Boundless Enthusiasm

How Arvin Arjona took the Millburn High School dance program from zero to the Orange Bowl in six years

Most of his students call him Mr. Arjona or Mr. A. “But some call me Papa Panda because they saw my Kung Fu Panda screen saver,” says Arvin Cheng Arjona. “Kids will be kids.”

Arjona is Millburn High School’s first dance teacher, and he exudes boundless energy in his love for dance. During the past six years, not only has he managed to help start a dance program at the New Jersey high school, he successfully petitioned for a new dance studio with a sprung floor and took charge of the after-school dance club. His audition-only dance company is gaining notoriety for its talent: The team was asked to perform at the 2014 Orange Bowl.

But these accomplishments are the result of a deeper motivation. “The best thing about teaching is bringing what was taught to me to the next generation so it stays alive,” says Arjona. “That’s my passion.”

First Modern Class at 21

Arjona’s foray into dance started with street dancing, break dancing and martial arts. And then, when he was 21, he saw an advertisement for a modern dance class and signed up, thinking it meant the latest dance steps/trends. He was in for a surprise: “It was ‘Martha Graham? Horton? Isadora who? What?’” Arjona says. “But I loved it. Once Pandora’s box opened, I just wanted to try all sorts of different styles.”

He soon was a regular at Alvin Ailey’s public classes and took dance courses at County College of Morris in New Jersey.

Arjona started his teaching career in special education in 1998. He got the dance teacher bug two years later, after someone asked him to assist with a jazz dance class at a conference. “It was ‘Wow. This is something I want to pursue,’” he says. “I could put together what I love to do—teaching and my love of dance. That’s what sparked it.”

He started teaching dance at Millburn in 2007, and in 2010 he earned his MA in dance education at NYU Steinhardt.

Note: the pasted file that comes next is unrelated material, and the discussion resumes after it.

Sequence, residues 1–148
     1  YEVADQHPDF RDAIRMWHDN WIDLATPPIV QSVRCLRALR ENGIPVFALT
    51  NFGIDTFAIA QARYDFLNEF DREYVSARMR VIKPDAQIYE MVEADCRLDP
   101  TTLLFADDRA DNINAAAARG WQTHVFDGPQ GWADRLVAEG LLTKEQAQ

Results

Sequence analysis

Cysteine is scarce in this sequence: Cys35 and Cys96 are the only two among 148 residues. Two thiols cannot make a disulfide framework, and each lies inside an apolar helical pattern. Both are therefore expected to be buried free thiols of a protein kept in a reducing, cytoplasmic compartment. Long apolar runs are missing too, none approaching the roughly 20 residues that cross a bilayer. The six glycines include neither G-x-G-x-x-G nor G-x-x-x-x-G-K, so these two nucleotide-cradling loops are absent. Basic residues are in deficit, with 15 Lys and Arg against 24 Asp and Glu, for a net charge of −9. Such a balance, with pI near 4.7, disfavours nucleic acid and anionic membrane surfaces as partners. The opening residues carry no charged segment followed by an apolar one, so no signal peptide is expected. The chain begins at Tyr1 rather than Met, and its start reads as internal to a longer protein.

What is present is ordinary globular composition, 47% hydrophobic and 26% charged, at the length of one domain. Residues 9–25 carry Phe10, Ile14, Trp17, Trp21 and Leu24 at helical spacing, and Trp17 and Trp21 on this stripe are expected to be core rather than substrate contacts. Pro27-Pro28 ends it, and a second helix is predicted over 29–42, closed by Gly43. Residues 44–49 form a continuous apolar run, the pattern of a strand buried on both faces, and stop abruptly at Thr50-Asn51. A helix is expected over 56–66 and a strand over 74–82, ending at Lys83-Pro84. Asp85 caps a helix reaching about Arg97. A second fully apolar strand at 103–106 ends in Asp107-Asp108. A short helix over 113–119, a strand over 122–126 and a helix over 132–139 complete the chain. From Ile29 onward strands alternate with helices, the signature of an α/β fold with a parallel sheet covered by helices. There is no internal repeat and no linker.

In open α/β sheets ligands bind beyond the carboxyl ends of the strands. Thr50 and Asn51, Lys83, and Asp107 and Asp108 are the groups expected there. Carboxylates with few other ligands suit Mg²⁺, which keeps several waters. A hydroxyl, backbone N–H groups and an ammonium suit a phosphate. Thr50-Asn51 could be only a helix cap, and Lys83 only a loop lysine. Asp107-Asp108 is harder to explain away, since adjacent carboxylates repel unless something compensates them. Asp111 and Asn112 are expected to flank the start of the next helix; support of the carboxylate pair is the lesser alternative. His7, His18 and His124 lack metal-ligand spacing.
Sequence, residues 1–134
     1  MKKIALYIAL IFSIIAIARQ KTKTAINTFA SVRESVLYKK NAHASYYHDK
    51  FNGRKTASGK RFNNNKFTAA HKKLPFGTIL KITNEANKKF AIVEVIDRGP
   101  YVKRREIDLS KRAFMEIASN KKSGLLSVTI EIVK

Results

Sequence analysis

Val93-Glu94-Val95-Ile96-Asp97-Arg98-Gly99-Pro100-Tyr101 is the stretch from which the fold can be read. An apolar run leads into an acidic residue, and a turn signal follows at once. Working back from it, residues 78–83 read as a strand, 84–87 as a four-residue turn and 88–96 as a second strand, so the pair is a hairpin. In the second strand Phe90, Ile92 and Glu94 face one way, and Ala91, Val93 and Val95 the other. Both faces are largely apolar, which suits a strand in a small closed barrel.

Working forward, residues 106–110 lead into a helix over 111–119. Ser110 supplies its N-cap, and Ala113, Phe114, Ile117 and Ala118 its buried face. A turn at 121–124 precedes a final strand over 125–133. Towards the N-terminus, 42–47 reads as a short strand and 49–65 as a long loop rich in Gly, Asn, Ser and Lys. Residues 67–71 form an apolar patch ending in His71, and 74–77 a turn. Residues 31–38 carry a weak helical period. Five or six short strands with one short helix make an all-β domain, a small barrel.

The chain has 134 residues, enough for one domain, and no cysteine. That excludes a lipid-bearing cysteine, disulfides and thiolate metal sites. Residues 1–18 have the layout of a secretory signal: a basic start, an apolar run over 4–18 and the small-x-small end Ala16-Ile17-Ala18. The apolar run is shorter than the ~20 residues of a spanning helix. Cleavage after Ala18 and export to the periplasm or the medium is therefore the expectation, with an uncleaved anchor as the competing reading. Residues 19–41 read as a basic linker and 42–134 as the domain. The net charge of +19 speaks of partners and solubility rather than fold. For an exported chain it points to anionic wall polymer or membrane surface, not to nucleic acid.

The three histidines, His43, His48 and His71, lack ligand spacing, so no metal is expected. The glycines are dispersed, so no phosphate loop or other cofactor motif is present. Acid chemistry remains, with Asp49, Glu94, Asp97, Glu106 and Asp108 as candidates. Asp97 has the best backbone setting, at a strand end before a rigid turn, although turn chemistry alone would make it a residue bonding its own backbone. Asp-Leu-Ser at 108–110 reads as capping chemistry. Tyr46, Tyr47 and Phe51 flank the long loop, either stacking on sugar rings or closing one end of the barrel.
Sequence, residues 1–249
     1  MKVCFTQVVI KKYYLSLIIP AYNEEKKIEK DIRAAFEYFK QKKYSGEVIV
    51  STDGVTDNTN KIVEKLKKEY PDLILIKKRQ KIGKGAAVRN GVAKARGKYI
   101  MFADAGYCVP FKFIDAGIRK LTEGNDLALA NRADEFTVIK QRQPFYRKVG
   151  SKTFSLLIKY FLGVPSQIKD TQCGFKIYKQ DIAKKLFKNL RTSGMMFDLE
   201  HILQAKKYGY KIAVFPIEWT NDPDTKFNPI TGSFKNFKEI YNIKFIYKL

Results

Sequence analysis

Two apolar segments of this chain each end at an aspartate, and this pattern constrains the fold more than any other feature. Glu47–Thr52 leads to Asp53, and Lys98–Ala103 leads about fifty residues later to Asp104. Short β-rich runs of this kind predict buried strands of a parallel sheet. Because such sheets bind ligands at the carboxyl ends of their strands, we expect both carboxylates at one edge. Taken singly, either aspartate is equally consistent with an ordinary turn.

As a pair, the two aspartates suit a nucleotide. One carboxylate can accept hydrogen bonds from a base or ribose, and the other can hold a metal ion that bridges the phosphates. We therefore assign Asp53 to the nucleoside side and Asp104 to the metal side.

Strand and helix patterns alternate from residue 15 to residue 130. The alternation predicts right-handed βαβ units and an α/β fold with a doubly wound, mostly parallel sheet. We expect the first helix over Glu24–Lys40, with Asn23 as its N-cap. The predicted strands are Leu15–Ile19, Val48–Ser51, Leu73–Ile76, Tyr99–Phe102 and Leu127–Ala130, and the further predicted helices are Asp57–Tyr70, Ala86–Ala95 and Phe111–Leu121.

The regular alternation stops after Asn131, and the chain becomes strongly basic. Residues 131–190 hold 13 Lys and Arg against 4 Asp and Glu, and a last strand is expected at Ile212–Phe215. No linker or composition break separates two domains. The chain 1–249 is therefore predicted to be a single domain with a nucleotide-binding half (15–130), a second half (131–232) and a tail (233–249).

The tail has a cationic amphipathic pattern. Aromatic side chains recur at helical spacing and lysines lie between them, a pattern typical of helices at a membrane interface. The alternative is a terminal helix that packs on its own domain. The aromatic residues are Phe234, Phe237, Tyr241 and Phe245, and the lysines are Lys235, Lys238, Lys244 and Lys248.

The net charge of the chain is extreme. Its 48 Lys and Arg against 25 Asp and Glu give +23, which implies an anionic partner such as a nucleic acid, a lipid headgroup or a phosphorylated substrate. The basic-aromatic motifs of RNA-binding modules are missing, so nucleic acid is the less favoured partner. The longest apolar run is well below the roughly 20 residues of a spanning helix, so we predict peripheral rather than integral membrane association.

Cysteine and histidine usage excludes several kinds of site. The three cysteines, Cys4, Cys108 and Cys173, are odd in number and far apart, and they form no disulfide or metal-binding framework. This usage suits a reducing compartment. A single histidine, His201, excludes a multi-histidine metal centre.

Jo Ann Staugaard-Jones from County College of Morris is still a mentor, as is Dr. Barbara Bashaw, now based at Rutgers University. “Without these educators, I wouldn’t be the teacher I am today,” Arjona says, also crediting the support of his wife Alma Solis-Arjona. “Supportive family is also the key to being a great dance educator, because they are the ones who let you vent to them when you have those rough days.”

Students use Laban to map their movement pathway during a choreography exercise.

Inside the Classroom

Arjona teaches dance as a fine arts elective (college prep/conservatory approach) and as a physical education elective (dance appreciation/basic technique). He educates his students about commercial vs. concert dance forms, and he encourages them to choreograph for the school’s spring and winter dance concerts.

Every year he takes a group to either the Regional or National High School Dance Festival (see below). Not only do the students benefit from the exposure to outside instructors and role models, but it’s an opportunity for Arjona to network with his peers in the dance community.

“I love working with high school students, because no matter what level each student is at, they can be taken to a higher level,” Arjona says. “I like to switch it up on the kids and find new ways to make things challenging. And I’m always looking for new ways to teach.”

Sometimes this means adapting to less than ideal studio space. When he first started teaching at Millburn, Arjona was able to use the school’s auditorium stage but had to clean and prep it before class. Then he was given a classroom with ceramic tile for four years, which meant modifying movements to help protect dancers from injury.

As the program has continued to grow, Arjona was able to convince the school board that the school should have a dedicated dance space with sprung floors. This past January, the new studio opened with two rolling mirrors, although it does have to be shared part of the year with the wrestling team. Next on the list? Portable barres.

So what’s dance class like with Papa Panda?

“Mr. A is exactly the same person in the classroom as he is when he’s not, and he tries really hard to get all of his students interested in dance and all its styles,” says Maria Perna, a former student now in college with hopes of becoming a dance teacher.